Friday, October 19, 2012

Ethical standards for paranormal investigations Part 2

This article was found on

It was written by C. Ann Cunningham

Created on: January 11, 2012

In any part of life, you have to deal with people. You should always strive to be the kind of person you yourself would like to deal with in any given situation, someone who is going to be honest, scrupulous and ethical. In personal experience, nowhere is that more necessary than the role of a paranormal investigator.

Dealing with the public can be difficult in itself in an ordinary situation. With the higher stress level of someone who believes themselves to be the recipient of a haunting or paranormal activity, it is imperative that you and the others that are involved make no allegations that will make the situation worse. Don't tout yourself as being a ghost buster of the type from the movie starring Dan Aykroyd, Bill Murray and Harold Ramis. You cannot cross laser beams and suck up ghosts, and pretending or willfully declaring that you can could be hazardous to a potentially fragile mind already disturbed by the goings-on.

Do not proclaim yourself or any member of your group to have "mystical powers" or to be able to use any form of perception that you do not actually have. By all means, if you are one of those that is sensitive to fluctuations in EMF fields, learn to use that to your advantage. If you have a member who is a proven psychic or clairvoyant, then absolutely, utilize those abilities. But do not go around claiming to be a Ghost Whisperer or go into a trance while proclaiming yourself a medium and scare the bejesus out of someone by filling them with falsehoods about their home's history.

It is truly unethical as well to make a confidentiality agreement with someone and then break it, by going and telling others that you conducted a paranormal investigation at a private residence and then spilling the beans about location, persons involved, and personal opinion about the alleged activities. If you are sworn to protect someone's privacy, then keep the information to yourself and make sure that your entire group also signs a confidentiality waiver.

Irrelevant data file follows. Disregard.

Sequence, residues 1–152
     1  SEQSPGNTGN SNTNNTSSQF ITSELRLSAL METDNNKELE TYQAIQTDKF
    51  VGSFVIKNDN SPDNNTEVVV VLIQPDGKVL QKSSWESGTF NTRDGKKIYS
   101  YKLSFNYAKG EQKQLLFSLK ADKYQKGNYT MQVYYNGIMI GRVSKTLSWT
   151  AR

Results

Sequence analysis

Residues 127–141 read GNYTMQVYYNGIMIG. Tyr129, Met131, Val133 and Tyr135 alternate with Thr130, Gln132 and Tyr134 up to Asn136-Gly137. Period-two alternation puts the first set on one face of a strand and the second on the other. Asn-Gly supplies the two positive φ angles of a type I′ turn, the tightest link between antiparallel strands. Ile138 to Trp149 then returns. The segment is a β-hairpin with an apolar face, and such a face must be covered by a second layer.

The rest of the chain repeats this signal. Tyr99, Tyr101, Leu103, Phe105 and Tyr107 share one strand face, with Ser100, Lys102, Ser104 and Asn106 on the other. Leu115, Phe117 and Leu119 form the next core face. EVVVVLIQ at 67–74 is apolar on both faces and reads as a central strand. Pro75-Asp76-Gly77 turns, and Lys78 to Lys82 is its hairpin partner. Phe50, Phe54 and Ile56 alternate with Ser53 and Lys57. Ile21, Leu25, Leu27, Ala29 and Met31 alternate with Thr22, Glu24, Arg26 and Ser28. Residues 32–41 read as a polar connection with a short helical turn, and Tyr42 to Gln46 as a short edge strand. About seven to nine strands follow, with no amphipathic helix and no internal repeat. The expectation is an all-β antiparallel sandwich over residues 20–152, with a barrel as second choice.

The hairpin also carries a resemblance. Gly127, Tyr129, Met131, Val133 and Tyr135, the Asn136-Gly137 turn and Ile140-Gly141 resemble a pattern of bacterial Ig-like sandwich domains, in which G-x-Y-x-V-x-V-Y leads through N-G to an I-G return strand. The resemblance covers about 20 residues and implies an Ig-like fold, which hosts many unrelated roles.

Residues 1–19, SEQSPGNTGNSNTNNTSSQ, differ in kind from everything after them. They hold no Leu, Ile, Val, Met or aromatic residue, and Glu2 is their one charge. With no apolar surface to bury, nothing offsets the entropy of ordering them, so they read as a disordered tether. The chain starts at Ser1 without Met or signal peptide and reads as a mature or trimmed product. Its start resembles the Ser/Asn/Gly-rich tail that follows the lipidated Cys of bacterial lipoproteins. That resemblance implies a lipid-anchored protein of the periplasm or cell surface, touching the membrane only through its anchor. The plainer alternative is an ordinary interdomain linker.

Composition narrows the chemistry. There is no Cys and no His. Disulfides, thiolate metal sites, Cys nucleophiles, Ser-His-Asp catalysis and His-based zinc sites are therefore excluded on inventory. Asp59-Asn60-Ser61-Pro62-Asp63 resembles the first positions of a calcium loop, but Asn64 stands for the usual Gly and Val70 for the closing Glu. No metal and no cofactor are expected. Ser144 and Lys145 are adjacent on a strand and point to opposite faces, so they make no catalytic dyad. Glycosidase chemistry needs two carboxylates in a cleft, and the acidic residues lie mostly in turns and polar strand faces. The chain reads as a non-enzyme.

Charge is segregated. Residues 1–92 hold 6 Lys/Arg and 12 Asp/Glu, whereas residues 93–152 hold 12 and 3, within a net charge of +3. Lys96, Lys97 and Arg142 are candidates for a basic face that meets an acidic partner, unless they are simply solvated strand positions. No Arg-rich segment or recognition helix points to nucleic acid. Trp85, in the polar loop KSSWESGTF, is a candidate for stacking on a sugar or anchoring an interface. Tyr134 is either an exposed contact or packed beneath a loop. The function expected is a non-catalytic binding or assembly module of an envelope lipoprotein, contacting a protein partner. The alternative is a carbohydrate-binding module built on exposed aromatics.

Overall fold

If you do not have an experience in a place, don't make things up to make yourself or your paranormal investigation team look good , either. No one likes to be lied to, and if it comes out that you lied on one investigation, it can call into question everything that happened on every other investigation you have done or will do. That is not the sort of reputation you want to garner for yourself or those that you work with.

If someone is a skeptic, be they a member of your investigation group or someone that is involved with the situation in another way, do not draw them into an argument about what is happening and make them feel small or stupid by using words that are meant to antagonize. Remember, everyone has a right to their own opinion. If their skepticism is of such a magnitude that you cannot possibly deal with them in the course of the investigation, then by all means, find someone else that you can deal directly with, or assign someone who has a different temperament than you to take the forefront of the investigation.

Whatever you do, do not ever call someone at a site names or ridicule them. Some people truly invent occurrences just to gain attention for themselves, and those people can be dangerous. If anything ever feels wrong about a paranormal investigation, then don't do it.

Lastly, there are some groups that use Ouija boards, tarot cards, pendulums and other magical devices on investigations. If you like these methods, then make sure you are knowledgeable about their use and that you do not let a circus attitude take over the investigation. It is your reputation on the line, after all, and even if you are doing something unconventional such as hunting for the paranormal, the least you can do is act like a true professional and keep basic business ethics in mind.

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